• This subject will examine the Israeli-Palestinian narrative through a multi-disciplinary perspective that will explore the political, social, historical and cultural issues central to this long and intense conflict. The subject will provide a clear chronological and textual foundation for examining the conflict’s origins, evolution, ramifications, as well as the quest for peace. Also examined will be Palestinian and Israeli society in the 20th Century with a focus on the rise and development of Palestinian and Israeli nationalism, including intertwined themes of identity, collective memory, trauma and loss-- themes that bind Palestinians and Israelis together. This interdisciplinary subject will assess the causes and effects of the wars in the region, the involvement of external powers, the negotiations and agreements between Israel and the PLO, the impact of the conflict on the lives of the two nations, the issue of settlements within the framework of international law, the phenomenon of terrorism and counter-terrorism and the status of Jerusalem and its holy sites. Evaluating the prospects of resolution, the subject will probe contemporary instances of interfaith dialogue and programs that call for peaceful coexistence. The course will utilise primary and secondary sources, including film and literature.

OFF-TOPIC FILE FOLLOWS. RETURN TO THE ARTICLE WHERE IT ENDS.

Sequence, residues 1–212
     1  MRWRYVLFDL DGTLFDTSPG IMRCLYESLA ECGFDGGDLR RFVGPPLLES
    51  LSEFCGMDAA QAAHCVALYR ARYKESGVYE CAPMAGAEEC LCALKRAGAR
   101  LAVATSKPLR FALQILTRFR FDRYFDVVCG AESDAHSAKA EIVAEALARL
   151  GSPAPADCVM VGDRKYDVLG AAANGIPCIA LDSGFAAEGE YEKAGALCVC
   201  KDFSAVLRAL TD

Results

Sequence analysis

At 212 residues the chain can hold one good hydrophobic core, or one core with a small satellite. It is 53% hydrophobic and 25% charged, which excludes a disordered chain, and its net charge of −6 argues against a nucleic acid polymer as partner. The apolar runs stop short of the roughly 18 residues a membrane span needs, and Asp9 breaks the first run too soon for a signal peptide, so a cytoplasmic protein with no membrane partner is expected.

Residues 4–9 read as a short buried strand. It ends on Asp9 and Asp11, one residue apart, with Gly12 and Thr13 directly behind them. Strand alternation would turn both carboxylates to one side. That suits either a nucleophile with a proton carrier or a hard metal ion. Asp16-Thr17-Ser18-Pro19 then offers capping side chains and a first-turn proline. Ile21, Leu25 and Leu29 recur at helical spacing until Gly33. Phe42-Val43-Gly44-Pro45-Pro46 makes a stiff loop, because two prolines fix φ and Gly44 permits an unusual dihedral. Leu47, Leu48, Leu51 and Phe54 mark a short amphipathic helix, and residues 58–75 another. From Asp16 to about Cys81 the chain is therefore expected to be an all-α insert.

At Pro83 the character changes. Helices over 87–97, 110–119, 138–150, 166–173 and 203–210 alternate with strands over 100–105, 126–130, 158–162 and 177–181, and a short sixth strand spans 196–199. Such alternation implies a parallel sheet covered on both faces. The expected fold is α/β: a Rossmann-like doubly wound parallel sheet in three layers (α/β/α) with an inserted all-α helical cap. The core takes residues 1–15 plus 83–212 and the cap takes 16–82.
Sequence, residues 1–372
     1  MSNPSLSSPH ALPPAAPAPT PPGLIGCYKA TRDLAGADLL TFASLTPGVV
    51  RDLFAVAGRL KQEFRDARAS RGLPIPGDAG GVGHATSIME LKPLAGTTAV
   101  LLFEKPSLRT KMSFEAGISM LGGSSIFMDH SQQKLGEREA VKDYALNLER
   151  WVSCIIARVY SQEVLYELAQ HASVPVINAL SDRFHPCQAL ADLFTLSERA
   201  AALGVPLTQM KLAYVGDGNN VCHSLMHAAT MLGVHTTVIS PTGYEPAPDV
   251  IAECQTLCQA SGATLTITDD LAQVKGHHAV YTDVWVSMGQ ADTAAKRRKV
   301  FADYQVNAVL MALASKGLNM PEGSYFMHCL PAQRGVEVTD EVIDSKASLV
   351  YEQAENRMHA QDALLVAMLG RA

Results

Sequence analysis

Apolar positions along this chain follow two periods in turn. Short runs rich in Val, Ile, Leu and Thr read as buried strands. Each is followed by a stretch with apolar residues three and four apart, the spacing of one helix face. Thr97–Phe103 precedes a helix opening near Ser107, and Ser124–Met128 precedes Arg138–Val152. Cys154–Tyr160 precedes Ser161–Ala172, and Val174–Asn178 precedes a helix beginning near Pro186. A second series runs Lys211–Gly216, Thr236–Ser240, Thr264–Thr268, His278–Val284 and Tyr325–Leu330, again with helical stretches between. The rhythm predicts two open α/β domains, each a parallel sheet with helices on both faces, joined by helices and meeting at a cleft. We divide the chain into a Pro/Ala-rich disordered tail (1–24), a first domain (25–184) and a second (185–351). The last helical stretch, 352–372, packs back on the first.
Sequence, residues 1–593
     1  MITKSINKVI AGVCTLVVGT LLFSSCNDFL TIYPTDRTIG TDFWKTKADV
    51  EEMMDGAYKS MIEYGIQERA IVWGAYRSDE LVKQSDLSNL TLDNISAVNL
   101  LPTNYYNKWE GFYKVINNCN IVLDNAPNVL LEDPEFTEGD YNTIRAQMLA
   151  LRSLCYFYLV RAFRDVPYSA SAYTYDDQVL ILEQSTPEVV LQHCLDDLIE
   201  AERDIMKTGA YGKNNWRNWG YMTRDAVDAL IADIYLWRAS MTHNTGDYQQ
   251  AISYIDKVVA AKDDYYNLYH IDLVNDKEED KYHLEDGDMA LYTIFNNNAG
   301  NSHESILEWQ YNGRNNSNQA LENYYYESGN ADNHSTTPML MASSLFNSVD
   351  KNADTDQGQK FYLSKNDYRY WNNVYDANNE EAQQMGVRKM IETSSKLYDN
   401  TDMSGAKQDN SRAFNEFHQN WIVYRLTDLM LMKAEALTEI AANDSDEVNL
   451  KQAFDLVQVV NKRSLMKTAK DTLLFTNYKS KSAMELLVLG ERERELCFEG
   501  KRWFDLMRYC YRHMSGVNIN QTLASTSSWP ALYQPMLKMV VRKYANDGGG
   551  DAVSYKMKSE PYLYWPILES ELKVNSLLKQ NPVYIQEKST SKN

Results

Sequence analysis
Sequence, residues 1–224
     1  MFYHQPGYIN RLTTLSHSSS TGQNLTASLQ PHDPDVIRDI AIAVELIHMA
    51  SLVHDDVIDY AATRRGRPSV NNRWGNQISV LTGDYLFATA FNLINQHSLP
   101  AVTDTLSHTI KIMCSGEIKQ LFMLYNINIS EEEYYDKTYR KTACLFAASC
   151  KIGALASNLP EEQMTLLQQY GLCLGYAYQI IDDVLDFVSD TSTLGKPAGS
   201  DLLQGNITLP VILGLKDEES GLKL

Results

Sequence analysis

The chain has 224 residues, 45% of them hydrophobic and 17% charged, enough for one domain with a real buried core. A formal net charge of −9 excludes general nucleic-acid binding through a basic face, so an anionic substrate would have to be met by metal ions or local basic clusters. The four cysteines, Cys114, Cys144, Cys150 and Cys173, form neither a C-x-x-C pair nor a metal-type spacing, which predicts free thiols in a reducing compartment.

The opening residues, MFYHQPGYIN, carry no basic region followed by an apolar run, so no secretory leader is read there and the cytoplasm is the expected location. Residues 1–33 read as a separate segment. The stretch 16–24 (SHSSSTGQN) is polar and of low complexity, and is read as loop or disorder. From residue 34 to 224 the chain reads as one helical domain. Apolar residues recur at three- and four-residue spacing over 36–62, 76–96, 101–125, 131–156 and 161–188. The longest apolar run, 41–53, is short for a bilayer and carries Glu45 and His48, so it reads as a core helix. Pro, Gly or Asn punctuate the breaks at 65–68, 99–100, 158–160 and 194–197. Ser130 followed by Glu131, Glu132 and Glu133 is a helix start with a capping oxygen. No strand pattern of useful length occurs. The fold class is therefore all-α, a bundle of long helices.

• In this subject the students explore the Sufi Way as the spiritual dimension of Islam, its roots and philosophical meaning, and the factors which led to its emergence, its seeming conflict and reconciliation with the views of the Orthodox scholars, its socio-political dimensions as a popular religious trend, and such Sufi practices as chanting, meditation and dance-like rituals. It also explores the various Sufi brotherhoods, and analyses the relevance of the Sufi dimension of Islam to contemporary society.